Mental Health Bites

Is obesity an Eating Disorder?

We are often told that obesity has reached epidemic levels in the UK, with approximately 27% of adults and 33% of children falling into this category.  Obesity tends to be considered a result of a simple lack of exercise and unhealthy eating habits.  I have written before about how those individuals are treated as making ‘poor choices’, but is it more than this; is obesity an Eating Disorder?

The simple answer to this question has to be yes, sometimes it is.  I can’t stress enough that the vast majority of people with Eating Disorders are not underweight and Anorexia Nervosa is the least common (though most spoken about) of them all.  Fundamentally, Eating Disorders are a coping mechanism – they are emotional distress, lack of self worth, self destruction and anxiety-fuelled collections of behaviours.  For many this takes the form of binge eating or comfort eating.  Many of the people I have, and do, work with, are medically ‘overweight’.

To someone involved in this field it is glaringly obvious than at least some of the UK’s obese individuals have Eating Disorders; that they are eating to meet an emotional need.  So, of course, why would a diet and exercise plan work if the problem is of mental health and ability to cope emotionally?

Our response to this ‘obesity epidemic’ is very reductionist.  Sure, education and meal plans might help some people to lose weight, just as it might help an underweight person to gain weight.  But if the need is EMOTIONAL, the treatment must include this element and understanding as well…otherwise we are setting people up to fail.

Weight

You cannot weigh someone’s Eating Disorder or mental distress with a scale.

The frustrating fact is many of the NHS Eating Disorder services work solely with underweight individuals, further perpetuating the belief that Anorexia Nervosa is ‘the worst’ Eating Disorder.  Well, I can assure you I have seen Binge Eating Disorder destroy physical and mental wellbeing to just the same extent.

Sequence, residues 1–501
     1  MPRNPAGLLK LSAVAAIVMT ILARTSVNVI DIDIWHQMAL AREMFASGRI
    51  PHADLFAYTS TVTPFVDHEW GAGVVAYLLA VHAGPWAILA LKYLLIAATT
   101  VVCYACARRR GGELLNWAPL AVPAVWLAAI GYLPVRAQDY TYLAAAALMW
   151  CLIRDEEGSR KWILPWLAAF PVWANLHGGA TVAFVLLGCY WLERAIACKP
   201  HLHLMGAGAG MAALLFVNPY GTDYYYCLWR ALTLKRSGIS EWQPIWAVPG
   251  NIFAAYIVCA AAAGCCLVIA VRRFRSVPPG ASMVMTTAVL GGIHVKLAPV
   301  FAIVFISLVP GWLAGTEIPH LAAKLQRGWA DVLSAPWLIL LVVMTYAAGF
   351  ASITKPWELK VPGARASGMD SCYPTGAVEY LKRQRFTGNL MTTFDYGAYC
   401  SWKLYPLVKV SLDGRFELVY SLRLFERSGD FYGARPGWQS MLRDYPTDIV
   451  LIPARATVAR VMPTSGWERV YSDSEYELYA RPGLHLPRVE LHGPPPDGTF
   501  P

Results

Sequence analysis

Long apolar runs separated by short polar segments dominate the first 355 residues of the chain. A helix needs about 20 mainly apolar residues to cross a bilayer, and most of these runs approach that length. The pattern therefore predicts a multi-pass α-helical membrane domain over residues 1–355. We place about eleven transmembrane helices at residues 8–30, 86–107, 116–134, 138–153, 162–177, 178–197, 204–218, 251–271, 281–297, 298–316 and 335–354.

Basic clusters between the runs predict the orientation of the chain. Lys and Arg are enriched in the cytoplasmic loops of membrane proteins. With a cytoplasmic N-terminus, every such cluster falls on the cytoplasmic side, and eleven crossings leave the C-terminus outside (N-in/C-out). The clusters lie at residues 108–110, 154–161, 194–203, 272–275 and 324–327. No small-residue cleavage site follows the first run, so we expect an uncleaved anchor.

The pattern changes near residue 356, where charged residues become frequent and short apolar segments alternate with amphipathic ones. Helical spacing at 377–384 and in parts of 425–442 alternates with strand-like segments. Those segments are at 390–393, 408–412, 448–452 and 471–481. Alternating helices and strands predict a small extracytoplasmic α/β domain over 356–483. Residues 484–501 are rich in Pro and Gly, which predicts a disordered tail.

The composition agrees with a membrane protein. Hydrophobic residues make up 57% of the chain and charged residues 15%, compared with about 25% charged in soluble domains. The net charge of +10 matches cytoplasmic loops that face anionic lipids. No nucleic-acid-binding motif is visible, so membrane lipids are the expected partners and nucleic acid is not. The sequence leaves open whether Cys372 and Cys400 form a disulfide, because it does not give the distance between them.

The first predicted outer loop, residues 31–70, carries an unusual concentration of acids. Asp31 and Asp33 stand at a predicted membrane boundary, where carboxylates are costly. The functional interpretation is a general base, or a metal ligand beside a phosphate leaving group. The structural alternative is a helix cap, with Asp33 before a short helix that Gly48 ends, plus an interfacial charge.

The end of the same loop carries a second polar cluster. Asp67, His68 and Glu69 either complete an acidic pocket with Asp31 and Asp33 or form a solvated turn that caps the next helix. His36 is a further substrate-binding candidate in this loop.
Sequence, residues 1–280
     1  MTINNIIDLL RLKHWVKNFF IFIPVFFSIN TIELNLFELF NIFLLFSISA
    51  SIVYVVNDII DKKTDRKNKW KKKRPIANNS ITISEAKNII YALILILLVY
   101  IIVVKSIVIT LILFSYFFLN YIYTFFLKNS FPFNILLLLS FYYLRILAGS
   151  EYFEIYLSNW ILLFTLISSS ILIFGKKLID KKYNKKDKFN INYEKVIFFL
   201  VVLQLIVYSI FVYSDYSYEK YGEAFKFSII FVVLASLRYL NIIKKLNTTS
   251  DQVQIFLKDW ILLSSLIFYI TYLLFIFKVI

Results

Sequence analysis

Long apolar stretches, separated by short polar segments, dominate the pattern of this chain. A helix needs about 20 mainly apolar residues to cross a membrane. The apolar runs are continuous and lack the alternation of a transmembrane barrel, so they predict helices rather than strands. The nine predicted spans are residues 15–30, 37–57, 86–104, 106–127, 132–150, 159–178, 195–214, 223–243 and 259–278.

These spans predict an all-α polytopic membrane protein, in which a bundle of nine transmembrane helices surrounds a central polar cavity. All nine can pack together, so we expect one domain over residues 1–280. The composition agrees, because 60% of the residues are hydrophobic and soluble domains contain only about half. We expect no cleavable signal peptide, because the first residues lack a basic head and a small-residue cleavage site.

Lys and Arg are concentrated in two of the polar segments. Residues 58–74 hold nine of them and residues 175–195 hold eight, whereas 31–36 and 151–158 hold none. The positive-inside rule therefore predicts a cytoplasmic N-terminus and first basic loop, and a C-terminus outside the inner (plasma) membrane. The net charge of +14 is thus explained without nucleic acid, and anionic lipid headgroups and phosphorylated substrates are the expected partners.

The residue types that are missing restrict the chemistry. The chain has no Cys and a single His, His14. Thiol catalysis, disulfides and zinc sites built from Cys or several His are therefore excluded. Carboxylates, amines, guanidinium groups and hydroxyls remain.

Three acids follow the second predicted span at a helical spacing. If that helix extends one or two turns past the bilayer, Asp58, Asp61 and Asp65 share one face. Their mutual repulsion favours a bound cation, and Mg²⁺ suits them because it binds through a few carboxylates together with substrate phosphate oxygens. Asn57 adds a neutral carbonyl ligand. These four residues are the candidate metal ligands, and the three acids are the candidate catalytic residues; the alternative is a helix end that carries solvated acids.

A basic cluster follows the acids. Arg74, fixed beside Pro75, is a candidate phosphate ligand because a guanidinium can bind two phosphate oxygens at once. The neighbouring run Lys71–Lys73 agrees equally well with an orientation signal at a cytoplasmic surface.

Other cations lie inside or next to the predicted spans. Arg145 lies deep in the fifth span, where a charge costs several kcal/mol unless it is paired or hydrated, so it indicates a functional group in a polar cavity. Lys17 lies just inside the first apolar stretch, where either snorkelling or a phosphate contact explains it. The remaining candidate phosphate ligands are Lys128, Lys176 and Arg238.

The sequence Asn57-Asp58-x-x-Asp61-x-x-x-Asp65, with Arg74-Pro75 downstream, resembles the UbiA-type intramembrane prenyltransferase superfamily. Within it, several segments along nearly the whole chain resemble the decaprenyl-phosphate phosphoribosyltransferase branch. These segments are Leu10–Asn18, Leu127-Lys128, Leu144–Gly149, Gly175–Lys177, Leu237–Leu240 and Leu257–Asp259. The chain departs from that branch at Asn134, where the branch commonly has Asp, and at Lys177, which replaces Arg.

All of this means that I was not at all surprised when the February edition of the International Journal of Eating Disorders published research which found that over a quarter of children and adolescents who are overweight or obese showed signs of an Eating Disorder.

Perhaps this is the start of a more honest public perception of what constitutes an Eating Disorder?  For the sake of those struggling, I certainly hope so.

2 thoughts on “Is obesity an Eating Disorder?

  1. Becky

    I agree ? I don’t think weight should be used as the main indicator of disordered eating. Just as some people who are underweight will not have an ED, those who are overweight can have ED needing treatment too.

    I believe the focus should move away from the physical consequences and towards the emotional and psychological drivers behind behaviour.

    Perhaps ED services need to be structured differently to manage patients requiring different interventions, as a service designed for anorexia won’t be adequate at meeting the needs of someone with binge eating disorder but the criteria for accessing support needs to be changed, and at least for services currently offering weight management to include counselling or know when and where to sign post to more psychological support.

    1. Kel Post author

      I very much agree ED services need looking at in order to better work for a more varied client group. Forever a frustration.

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